I work at a library and I love seeing the eyes and smiles of kids opening wide when they see themselves in a book. A couple of months ago, a little girl came into the library with her mum. The girl had a Wonder Woman T-shirt on. They were looking around for something and the girl was getting frustrated because she couldn’t find anything she liked. 

I don’t have a daughter, but I’ve always made sure that my son knows that it’s not only men who are super heroes, or strong, or adventurous. If you ask my son, he will tell you that Wonder Woman is a much better fighter than Superman. If you ask him what my favourite super hero is at the moment, he’ll tell you it’s Ms Marvel. Yes, there are far more male super heroes, but he knows there are female super heroes and that they’re strong, resourceful and equal to men, or even better.

Back to the girl at the library. I knew that we had just received the first of the DC Super Hero Girls graphic novels. I found it on the shelf and I asked her mum if it was okay that I showed her that. She nodded. I kneeled down and showed the girl the graphic novel. Her surprise and joy at seeing not just Wonder Woman but also Batgirl and all her favourite characters in one book was just priceless. Then I showed her the young Supergirl graphic novels we have. 

We have a mountain of Batman and Superman in our junior collection and very few with central female characters, but times they are a changing, and I think it’s essential that girls grow up seeing their gender not just represented but being being the main character, driving the plot.

Another day, I recommended a comic to a teenage girl who was browsing the graphic novels area. I asked her if she read Ms Marvel. She didn’t know the character. I gave her a quick run down of Kamala and her eyes opened wide. She was so excited and thankful for me telling her about it. Again, she couldn’t believe that there is a teenage, Muslim super hero in Marvel Comics. It was only later, I realised that she had a Middle Eastern surname.

I can only imagine what that meant for her but I think it’s fair to assume that she was so happy and surprised not just because she discovered a Marvel comic centered on a Muslim American teenager, something she would obviously relate to, but also because she is a super hero as opposed to being portrayed as a terrorist.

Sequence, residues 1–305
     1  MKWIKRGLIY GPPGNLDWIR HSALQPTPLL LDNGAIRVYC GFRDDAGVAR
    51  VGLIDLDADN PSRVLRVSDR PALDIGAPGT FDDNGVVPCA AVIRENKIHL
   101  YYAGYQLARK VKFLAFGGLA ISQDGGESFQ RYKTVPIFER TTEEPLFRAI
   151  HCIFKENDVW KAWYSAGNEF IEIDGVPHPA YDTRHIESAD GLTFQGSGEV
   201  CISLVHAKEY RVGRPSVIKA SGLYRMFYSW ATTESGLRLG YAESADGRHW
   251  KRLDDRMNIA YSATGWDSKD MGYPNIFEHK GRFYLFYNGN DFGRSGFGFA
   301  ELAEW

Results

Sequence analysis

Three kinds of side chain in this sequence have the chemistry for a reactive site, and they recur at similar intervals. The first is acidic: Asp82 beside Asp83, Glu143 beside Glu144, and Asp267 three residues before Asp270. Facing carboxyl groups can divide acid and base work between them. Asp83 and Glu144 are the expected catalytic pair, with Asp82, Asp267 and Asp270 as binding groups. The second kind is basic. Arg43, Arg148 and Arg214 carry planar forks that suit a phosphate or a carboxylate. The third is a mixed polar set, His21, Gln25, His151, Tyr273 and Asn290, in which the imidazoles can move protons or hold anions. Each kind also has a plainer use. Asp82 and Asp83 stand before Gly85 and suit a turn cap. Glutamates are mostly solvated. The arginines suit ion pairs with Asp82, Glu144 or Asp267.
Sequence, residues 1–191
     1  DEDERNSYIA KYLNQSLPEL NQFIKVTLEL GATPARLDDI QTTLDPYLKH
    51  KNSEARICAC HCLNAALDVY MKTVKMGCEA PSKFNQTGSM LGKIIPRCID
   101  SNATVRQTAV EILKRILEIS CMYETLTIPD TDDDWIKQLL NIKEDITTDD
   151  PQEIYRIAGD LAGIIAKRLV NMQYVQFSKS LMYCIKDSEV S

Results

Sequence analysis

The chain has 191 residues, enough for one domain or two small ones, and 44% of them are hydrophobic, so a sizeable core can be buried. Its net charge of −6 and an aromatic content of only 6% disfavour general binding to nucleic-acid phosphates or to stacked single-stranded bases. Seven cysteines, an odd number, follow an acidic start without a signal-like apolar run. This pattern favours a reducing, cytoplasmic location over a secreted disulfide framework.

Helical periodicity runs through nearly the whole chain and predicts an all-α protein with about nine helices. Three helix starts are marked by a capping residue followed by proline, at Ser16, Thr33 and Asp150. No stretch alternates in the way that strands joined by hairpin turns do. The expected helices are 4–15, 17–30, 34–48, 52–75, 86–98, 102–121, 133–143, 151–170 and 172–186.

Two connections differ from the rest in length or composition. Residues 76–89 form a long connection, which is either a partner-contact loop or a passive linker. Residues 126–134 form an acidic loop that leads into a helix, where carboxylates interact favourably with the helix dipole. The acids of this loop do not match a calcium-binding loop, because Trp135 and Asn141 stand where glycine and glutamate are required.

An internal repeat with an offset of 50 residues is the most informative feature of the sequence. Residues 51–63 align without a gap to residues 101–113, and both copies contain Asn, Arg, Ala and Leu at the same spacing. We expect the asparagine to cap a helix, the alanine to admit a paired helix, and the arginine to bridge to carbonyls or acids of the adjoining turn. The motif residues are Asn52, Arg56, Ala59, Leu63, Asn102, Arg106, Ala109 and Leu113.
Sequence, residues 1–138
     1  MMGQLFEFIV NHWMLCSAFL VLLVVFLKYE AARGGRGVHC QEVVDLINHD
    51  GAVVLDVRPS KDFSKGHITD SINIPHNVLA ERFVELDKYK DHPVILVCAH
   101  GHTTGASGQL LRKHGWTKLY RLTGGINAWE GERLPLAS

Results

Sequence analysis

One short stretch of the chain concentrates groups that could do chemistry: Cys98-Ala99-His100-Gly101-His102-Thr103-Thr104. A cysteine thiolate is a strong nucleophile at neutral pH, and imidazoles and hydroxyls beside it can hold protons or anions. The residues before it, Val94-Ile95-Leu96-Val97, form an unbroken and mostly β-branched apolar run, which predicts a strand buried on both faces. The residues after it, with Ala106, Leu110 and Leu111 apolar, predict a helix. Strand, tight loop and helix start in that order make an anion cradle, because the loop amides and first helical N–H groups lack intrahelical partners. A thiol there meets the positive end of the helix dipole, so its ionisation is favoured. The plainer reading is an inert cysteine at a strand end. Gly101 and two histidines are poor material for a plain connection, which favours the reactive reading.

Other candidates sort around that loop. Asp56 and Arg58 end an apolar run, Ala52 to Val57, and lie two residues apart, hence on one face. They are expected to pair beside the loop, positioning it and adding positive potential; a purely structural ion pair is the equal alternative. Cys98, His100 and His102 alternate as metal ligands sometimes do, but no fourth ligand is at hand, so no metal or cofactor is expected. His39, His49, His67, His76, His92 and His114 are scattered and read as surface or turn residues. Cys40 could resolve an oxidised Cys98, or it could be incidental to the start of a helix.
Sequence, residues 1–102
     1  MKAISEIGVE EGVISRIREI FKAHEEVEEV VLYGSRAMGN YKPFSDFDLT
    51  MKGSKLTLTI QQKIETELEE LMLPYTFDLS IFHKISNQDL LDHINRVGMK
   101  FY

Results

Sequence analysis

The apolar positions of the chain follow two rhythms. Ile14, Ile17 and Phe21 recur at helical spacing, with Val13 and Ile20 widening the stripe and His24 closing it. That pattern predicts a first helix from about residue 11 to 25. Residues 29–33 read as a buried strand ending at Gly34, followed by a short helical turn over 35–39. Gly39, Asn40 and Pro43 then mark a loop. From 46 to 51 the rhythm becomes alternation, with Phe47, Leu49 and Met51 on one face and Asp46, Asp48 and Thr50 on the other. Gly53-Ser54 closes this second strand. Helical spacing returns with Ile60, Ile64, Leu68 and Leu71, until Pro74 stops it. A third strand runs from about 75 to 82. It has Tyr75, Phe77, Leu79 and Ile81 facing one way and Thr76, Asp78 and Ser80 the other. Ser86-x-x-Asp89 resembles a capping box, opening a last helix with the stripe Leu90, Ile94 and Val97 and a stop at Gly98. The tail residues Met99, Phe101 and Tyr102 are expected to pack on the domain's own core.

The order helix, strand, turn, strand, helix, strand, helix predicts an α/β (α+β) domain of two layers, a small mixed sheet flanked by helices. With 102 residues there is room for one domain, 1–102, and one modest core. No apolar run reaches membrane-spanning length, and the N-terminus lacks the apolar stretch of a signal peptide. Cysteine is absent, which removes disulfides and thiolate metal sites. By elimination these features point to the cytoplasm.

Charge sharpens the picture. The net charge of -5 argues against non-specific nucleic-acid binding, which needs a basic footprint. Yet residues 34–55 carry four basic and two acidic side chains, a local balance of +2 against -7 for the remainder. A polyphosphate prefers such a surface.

I know how important that is because when I was growing up there was a terrorist group in the Basque Country and I know quite a bit about the misrepresentation. That because a small bunch of people are committing acts of terror, everyone that is part of that community, in my case Basque in her case Muslim, are believed to be terrorists. 

Here’s a short video of McGyver fighting Basque terrorists. That looked as alien to me as true blue martians. Unfortunately, I could only find the video in Spanish, but I think it’s worth sharing as an example of an aberration that I watched when I was a kid - I loved the series but, needless to say, I was incredibly confused when I saw this episode. My parents were sad and disappointed.

A couple of days ago I also read a Twitter thread that Tom Taylor (who currently writes the excellent All New Wolverine, starring the amazing Laura!) shared. A woman tweeted about her experience being abused on a plane by a man who objected to her watching one of the Supergirl episodes that addressed Alex’s sexuality. Mind you, she was just watching it on her screen, with headphones. But the homophobic man started abusing her for that and then adding racist insults.

“So, yesterday on my flight to Vancouver I was watching Supergirl, more specifically, the episode where Alex comes out to Kara.”

The awesome part of the story is what happened afterwards (follow the link above and read the thread, it’s worth it!) and it’s a perfect example of why representation and diversity are essential in mainstream media and stories. Which reminds me of Love is Love, a book where different comic book writers and artists honour the victims or Orlando’s Pulse nightclub, and has just been published. I encourage everyone to buy and support it. All proceeds go to the victims and their families through Equality Florida.

Finally, I recently had a brief conversation at the library with one of my ex-students. I used to teach at a local primary school. She asked about my son. We talked about him a bit and then I mentioned how much he loved Moana. I added that I really enjoyed the movie too. Her expression changed immediately. She’s of Samoan background and she was so proud of the movie. I saw her talking of her heritage with a pride and joy that I had never seen in her before.

And that’s why representation is so important. If kids are exposed to different cultures and languages from a young age there will be a far better understanding of the complex fabric of society. There will be less intolerance. The words of one of my favourite poets come to mind. The poem is long, but citing three lines from it, Artze essentially says: 

“someday they will know us in our own language
they will speak it as well as we do
and then they will know us as we are”

It’s impossible for us all around the world to learn and speak every language, to know every person in their own language so we can fully speak to them at the same level, understanding and fully drinking from the well of their culture. That’s impossible, I know. And I know that here I’m focusing mainly on languages and cultures, but the same applies, for example, to gender and sexual diversity.

We can take huge steps forward in diversity and representation; reflecting the rich tapestry that makes our community and our world. Writers, producers, directors, artists and creators, can make a huge difference, but so can we at libraries. Listening to our patrons and suggesting books and movies that may have gone under their radar. It really is not that hard and the little ripples every book or movie will create in people’s lives, in people’s perceptions of themselves and their neighbours, will bring about huge change.